Important Note: The law is always evolving. If you have access to a prison law library, you always need to confirm that the cases and statutes cited below are still good law. This information was updated in November 2008.
Much of the following information was taken from a book by John Boston and Daniel Manville called the Prisoners’ Self-Help Litigation Manual (3d ed. 1995).
Protection from Assault
Assault by Another Prisoner
Prison officials may be held liable under the Eighth Amendment only if they act with "deliberate indifference" or "reckless disregard" for a prisoner’s safety. See id. at 836-37. In other words, prison officials may be liable if they knew that a prisoner was at substantial risk of serious harm, but ignored that risk and failed to take reasonable steps to protect the prisoner. See id. at 847. Generally, courts have distinguished between a substantial risk of serious harm (or strong likelihood of injury) and the everyday risk of harm that comes from being in prison (or mere possibility of injury). See, e.g., Purcell ex rel. Estate of Morgan v. Toombs County, Ga, 400 F.3d 1313, 1319-20 (11th Cir. 2005); Brown v. Hughes, 894 F.2d 1533, 1537 (11th Cir. 1990). In addition, even when a prisoner is harmed, if prison officials responded reasonably to the risk, they are not held liable. Farmer, 511 U.S. at 844-45. Courts often dismiss isolated failures to protect as "mere negligence," even when prison officials had prior information about a threat to a prisoner, but failed to act on that information. See Davidson v. Cannon, 474 U.S. 344, 347-48 (1986).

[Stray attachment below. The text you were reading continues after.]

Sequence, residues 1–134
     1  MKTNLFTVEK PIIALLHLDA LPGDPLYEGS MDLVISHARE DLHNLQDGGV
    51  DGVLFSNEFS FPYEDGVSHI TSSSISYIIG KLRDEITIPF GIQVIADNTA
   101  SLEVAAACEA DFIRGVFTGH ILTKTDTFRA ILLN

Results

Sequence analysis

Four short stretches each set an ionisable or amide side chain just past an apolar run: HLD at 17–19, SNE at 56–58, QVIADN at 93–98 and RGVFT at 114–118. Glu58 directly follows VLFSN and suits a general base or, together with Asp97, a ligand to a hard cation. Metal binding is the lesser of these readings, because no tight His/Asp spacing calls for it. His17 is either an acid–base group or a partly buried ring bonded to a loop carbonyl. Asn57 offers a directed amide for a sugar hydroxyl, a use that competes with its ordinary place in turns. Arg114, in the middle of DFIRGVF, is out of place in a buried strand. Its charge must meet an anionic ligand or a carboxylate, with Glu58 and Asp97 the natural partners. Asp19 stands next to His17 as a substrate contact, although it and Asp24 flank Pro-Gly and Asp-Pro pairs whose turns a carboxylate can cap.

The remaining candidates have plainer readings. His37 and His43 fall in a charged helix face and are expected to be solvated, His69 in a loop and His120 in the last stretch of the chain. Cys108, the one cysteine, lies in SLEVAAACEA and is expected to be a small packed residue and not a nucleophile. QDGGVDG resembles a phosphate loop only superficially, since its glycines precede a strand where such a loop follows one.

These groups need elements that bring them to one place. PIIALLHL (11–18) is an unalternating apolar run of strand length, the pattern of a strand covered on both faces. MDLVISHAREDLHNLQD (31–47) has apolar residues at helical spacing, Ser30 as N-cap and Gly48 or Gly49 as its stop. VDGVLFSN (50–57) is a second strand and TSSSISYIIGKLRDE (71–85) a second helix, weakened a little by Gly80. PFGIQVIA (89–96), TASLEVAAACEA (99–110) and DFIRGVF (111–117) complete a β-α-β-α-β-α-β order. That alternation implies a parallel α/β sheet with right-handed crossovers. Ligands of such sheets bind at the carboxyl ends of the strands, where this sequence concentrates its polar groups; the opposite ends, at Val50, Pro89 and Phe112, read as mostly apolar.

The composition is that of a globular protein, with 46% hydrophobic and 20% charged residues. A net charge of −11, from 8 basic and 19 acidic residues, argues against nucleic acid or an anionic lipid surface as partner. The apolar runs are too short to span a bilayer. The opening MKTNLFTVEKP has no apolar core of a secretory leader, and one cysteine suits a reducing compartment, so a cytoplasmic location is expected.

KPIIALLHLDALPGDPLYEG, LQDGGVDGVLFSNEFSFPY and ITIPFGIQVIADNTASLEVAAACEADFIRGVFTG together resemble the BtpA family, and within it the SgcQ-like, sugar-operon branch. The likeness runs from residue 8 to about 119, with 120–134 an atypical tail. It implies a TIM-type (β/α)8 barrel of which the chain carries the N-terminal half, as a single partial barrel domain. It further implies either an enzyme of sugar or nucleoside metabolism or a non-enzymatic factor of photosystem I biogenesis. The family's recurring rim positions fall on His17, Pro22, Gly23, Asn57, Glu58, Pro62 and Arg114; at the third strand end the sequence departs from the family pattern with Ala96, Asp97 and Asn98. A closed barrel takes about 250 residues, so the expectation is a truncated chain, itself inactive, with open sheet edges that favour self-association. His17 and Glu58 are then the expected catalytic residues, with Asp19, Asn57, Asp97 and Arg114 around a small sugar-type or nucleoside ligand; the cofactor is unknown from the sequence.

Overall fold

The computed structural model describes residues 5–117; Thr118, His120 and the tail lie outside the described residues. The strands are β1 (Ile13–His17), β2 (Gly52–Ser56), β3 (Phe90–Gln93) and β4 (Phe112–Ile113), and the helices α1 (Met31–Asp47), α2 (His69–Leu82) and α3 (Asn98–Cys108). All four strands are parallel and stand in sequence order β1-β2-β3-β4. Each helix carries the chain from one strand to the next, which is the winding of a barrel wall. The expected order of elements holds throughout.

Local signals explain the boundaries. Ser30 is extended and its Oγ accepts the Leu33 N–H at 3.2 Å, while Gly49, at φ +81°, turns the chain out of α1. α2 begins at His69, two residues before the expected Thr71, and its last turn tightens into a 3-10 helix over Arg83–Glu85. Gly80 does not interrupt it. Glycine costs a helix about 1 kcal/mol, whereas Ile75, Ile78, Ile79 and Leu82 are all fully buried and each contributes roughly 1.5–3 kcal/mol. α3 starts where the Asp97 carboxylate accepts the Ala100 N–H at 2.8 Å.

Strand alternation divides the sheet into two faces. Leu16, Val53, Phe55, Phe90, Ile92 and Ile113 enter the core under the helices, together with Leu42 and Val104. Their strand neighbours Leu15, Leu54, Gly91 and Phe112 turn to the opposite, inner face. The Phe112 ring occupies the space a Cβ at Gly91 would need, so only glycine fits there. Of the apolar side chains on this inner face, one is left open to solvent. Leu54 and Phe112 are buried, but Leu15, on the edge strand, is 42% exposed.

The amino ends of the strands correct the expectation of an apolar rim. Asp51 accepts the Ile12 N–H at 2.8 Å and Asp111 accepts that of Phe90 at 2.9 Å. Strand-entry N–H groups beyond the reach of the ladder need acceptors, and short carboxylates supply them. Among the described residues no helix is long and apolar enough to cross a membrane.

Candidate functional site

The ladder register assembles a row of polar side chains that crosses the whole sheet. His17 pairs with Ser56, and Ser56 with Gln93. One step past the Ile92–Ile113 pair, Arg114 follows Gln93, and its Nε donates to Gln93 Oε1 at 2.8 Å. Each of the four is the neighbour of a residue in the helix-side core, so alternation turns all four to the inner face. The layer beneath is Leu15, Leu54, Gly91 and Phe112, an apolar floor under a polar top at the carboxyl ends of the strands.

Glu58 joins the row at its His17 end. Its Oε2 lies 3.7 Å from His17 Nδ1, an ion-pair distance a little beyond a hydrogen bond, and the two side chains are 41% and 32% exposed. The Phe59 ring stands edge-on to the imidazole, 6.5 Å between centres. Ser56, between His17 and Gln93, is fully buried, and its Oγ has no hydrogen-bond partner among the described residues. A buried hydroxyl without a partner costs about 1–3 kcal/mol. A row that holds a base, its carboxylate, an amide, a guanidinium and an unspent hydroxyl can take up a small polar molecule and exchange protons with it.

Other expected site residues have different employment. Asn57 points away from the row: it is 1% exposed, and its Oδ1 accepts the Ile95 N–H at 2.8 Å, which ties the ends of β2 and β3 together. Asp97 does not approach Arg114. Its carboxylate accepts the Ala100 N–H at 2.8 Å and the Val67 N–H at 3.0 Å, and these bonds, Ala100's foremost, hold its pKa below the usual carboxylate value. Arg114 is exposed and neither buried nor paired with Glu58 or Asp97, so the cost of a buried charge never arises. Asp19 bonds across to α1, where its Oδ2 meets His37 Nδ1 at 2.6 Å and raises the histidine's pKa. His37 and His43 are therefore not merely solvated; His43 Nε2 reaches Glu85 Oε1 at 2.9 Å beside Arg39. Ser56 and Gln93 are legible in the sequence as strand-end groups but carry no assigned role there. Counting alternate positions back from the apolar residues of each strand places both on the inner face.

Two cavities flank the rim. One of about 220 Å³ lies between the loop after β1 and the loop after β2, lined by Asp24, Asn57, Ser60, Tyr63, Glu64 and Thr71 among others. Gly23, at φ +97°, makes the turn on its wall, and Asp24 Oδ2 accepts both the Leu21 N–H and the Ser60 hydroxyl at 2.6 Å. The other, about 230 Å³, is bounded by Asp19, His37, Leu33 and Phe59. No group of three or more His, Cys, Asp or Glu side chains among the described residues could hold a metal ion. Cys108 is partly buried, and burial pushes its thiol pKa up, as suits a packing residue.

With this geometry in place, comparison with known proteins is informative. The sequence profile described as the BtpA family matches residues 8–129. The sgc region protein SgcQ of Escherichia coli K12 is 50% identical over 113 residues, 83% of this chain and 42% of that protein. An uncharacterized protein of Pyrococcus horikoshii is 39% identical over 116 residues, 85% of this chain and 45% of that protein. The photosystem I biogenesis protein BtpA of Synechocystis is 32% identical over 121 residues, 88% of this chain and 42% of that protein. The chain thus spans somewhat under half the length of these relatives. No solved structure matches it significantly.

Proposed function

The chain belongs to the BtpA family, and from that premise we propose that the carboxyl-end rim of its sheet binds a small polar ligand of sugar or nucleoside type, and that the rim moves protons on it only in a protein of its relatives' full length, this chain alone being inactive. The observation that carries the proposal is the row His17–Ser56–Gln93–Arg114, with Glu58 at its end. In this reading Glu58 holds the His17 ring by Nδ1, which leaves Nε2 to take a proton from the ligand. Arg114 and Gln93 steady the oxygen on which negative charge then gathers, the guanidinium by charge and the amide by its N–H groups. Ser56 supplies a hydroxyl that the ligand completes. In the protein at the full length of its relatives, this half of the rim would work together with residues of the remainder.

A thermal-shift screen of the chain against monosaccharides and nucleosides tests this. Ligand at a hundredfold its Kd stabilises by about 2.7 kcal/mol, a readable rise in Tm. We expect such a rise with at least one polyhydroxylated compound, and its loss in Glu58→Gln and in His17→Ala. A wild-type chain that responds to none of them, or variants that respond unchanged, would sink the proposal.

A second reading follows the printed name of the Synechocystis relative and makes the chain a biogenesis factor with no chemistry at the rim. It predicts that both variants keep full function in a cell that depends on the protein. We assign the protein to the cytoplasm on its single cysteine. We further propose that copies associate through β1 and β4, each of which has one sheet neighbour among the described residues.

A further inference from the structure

Use of Force by Prison Staff
With respect to convicted prisoners, prison staff violate the Eighth Amendment when they use force "maliciously and sadistically for the very purpose of causing harm," but they are permitted to use force "in a good faith effort to maintain or restore discipline." Hudson v. McMillian, 503 U.S. 1, 6 (1992) (quoting Whitley v. Albers, 475 U.S. 312, 320-21 (1986)). Courts apply different legal standards to arrestees, pretrial detainees, and convicted prisoners; however, a prisoner generally must show that the force used was not justified by any legitimate law enforcement or prison management need, or was completely out of proportion to that need. See Hudson, 503 U.S. at 5-6 (convicted prisoners); Graham v. Connor, 490 U.S. 386, 397 (1989) (arrestees). Inflictions of pain that are "totally without penological justification" are necessarily "unnecessary and wanton" in violation of the Eighth Amendment. Hope v. Pelzer, 536 U.S. 730, 737 (2002) (quoting Rhodes v. Chapman, 452 U.S. 337, 346 (1981)).